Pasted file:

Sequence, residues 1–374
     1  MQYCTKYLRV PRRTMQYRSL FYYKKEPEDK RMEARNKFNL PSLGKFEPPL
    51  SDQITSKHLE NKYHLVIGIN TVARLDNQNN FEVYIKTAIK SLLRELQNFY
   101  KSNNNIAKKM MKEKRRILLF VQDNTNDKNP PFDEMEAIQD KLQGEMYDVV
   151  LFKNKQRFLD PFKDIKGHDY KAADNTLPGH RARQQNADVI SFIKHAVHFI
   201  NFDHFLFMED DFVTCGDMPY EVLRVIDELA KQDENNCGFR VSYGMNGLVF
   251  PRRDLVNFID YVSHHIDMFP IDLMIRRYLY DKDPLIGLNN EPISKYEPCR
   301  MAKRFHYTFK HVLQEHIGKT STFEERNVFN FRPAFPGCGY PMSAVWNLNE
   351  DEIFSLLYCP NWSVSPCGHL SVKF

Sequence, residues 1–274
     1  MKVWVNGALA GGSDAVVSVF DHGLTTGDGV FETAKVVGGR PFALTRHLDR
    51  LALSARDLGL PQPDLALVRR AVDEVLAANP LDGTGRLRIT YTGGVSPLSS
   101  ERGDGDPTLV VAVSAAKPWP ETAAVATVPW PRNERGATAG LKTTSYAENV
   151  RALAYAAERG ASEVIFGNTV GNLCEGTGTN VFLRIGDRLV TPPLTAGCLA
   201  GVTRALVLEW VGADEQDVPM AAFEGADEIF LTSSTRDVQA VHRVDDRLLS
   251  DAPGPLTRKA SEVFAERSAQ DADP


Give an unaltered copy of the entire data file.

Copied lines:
Sequence, residues 1–374
     1  MQYCTKYLRV PRRTMQYRSL FYYKKEPEDK RMEARNKFNL PSLGKFEPPL
    51  SDQITSKHLE NKYHLVIGIN TVARLDNQNN FEVYIKTAIK SLLRELQNFY
   101  KSNNNIAKKM MKEKRRILLF VQDNTNDKNP PFDEMEAIQD KLQGEMYDVV
   151  LFKNKQRFLD PFKDIKGHDY KAADNTLPGH RARQQNADVI SFIKHAVHFI
   201  NFDHFLFMED DFVTCGDMPY EVLRVIDELA KQDENNCGFR VSYGMNGLVF
   251  PRRDLVNFID YVSHHIDMFP IDLMIRRYLY DKDPLIGLNN EPISKYEPCR
   301  MAKRFHYTFK HVLQEHIGKT STFEERNVFN FRPAFPGCGY PMSAVWNLNE
   351  DEIFSLLYCP NWSVSPCGHL SVKF

Sequence, residues 1–274
     1  MKVWVNGALA GGSDAVVSVF DHGLTTGDGV FETAKVVGGR PFALTRHLDR
    51  LALSARDLGL PQPDLALVRR AVDEVLAANP LDGTGRLRIT YTGGVSPLSS
   101  ERGDGDPTLV VAVSAAKPWP ETAAVATVPW PRNERGATAG LKTTSYAENV
   151  RALAYAAERG ASEVIFGNTV GNLCEGTGTN VFLRIGDRLV TPPLTAGCLA
   201  GVTRALVLEW VGADEQDVPM AAFEGADEIF LTSSTRDVQA VHRVDDRLLS
   251  DAPGPLTRKA SEVFAERSAQ DADP